When it comes to hard and soft bounces, there’s not much your healthcare practice can do to prevent them. However, it’s a good idea to clear out the contacts who aren’t receiving your emails due to bounces.
Increase Email Deliverability
Deliverability refers to how often emails reach the subscriber’s inbox. Deliverability failure happens when an email is misclassified as spam or blocked. We’ve put together a list of tips to help you increase your email deliverability and improve your campaign results:
1. Authenticate Email Domain
Add DomainKeys Identified Mail (DKIM) and Sender Policy Framework (SPF) records to your domain name’s DNS to authenticate and verify your email domain. To find the DKIM and SPF records, check your email provider (e.g., Site Ground, GoDaddy, G Suite, Microsoft) to see if the platform you want to use for marketing emails requires the addition of any other records to your DNS.
SPF works by strictly specifying the number of domain IPs allowed to send emails from your domain. DKIM is also added as a TXT record in your domain panel; it ensures the emails going from server to server are not tampered with.
If you want to add an additional layer of security, you can also add a Domain-based Message Authentication, Reporting & Conformance (DMARC) record to your DNS. DMARC builds on SPF and DKIM to further validate emails by matching the validity of SPF and DKIM records.
2. For New Emails Accounts: Manually Send Emails
If your email account is less than one week old, manually send a few emails every day for a couple of weeks. Email providers are sensitive to new email accounts and usually flag them.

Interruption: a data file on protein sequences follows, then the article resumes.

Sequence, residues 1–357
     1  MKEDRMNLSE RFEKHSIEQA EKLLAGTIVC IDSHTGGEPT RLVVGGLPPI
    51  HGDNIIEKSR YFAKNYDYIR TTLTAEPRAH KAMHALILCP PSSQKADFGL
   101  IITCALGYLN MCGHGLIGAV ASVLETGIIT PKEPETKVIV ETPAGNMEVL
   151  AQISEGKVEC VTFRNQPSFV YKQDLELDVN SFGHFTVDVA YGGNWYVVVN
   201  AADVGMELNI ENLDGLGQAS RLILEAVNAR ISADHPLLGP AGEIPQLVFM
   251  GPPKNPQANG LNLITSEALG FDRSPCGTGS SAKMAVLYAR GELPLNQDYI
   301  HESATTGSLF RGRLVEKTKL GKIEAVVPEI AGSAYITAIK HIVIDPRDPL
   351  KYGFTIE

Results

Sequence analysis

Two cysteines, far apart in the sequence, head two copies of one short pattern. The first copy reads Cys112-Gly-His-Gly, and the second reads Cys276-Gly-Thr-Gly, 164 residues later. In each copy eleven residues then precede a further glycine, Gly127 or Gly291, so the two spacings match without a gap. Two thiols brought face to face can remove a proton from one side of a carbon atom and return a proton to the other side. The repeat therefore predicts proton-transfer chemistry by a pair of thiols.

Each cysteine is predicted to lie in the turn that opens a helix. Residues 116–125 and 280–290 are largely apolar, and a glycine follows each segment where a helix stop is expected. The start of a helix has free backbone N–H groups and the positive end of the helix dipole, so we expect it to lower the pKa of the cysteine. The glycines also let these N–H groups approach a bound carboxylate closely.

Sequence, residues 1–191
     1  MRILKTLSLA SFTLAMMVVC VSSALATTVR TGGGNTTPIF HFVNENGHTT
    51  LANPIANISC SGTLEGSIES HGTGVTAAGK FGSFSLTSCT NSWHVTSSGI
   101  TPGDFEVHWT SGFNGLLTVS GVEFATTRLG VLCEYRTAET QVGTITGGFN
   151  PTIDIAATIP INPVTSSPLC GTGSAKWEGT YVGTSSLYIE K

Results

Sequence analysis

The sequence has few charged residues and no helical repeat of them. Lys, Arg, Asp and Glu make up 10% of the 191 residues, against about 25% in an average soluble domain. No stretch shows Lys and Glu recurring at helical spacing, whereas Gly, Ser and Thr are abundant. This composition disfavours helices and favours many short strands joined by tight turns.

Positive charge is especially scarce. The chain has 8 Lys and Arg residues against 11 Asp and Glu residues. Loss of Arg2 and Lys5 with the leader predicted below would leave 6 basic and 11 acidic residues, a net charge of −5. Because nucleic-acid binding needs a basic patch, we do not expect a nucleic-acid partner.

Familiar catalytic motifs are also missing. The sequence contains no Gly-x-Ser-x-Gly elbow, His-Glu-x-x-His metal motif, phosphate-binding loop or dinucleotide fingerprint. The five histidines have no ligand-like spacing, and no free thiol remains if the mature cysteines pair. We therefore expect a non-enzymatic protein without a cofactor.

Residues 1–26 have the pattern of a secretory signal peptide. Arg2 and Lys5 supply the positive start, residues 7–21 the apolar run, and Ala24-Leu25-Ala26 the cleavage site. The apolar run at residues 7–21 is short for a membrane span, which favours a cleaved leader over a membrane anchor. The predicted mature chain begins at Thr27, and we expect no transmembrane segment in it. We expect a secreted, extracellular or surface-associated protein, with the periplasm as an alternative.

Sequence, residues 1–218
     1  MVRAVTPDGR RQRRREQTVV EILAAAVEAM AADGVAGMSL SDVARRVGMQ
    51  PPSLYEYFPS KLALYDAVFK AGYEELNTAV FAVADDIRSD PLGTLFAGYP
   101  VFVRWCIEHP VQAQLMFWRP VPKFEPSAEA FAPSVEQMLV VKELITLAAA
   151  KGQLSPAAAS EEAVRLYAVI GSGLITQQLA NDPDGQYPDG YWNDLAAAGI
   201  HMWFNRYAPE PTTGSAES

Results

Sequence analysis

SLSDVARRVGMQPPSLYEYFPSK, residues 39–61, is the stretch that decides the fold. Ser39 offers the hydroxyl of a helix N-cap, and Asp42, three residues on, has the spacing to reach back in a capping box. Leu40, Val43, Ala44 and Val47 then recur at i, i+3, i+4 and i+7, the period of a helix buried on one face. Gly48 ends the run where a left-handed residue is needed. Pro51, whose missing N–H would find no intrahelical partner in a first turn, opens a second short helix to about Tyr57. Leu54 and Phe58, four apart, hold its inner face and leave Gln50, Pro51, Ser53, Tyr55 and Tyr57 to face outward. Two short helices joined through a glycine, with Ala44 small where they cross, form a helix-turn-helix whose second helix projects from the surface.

To combat this issue, send and receive regular emails with the new email account for at least a month before your domain is added to the safelist. Additionally, send them manually (without email automation) to different email address types, like personal Gmail and professional Outlook accounts, just as you would friends and colleagues.
3. Make “Unsubscribe” Clear
Not only is a clear unsubscribe option required by HIPAA and the CAN-SPAM Act, but it can also help with deliverability!
In all your marketing emails, ensure you are adding an obvious unsubscribe link and a description of why the patient is receiving the email from you. For instance, “You are receiving this email because you opted into notifications from your doctor at [your practice’s website].”
4. Add Your Practice’s Physical Address
To stay compliant with HIPAA and CAN-SPAM regulations, it’s good practice to add your medical practice’s physical address to all marketing emails.
5. Test Your Email Deliverability
Don’t leave it up to chance! You can test your email deliverability before you actually send emails out to your patients. This will ensure all your emails are getting delivered and will give you the opportunity to fix any critical errors.
Tools like Mail Tester allow you to check the “spamminess” of your emails. Certain words and phrases will trigger spam filters. Avoid spammy words or phrases in your subject line and email content like “risk-free.”
6. Clean Your Email List Quarterly
A clean email database will help you avoid hard bounces that damage your domain’s reputation. You can do this manually by checking for spelling errors and removing generic email addresses. Alternatively, you can use tools like MailCleanup, ListWise, ZeroBounce, and MyEmailVerifier to clean your lists automatically.
7. Keep Your Database Spam-Free
Add CAPTCHA to distinguish people from robots and keep your email database clean and spam-free. You can also add a double opt-in to your sign-up forms.
8. Email Consistently
The more frequently you email your patients, the more engaged and less likely they’ll be to mark your emails as spam. But remember, keep an eye on your metrics! You don’t want to send so many emails that you annoy your patients.
While there’s no guaranteed way to get every single one of your emails delivered to inboxes, following these tips will help increase your chances.
Hit Send on Your Healthcare Email Marketing Strategy!
Email marketing is a great way to improve patient engagement and loyalty. Following the steps in this guide will help you create a healthcare email marketing campaign that works for your practice. Be sure to follow the rules and regulations, segment your list, monitor your results, and always keep your patients’ best interests at heart.
What are you waiting for? Get started today!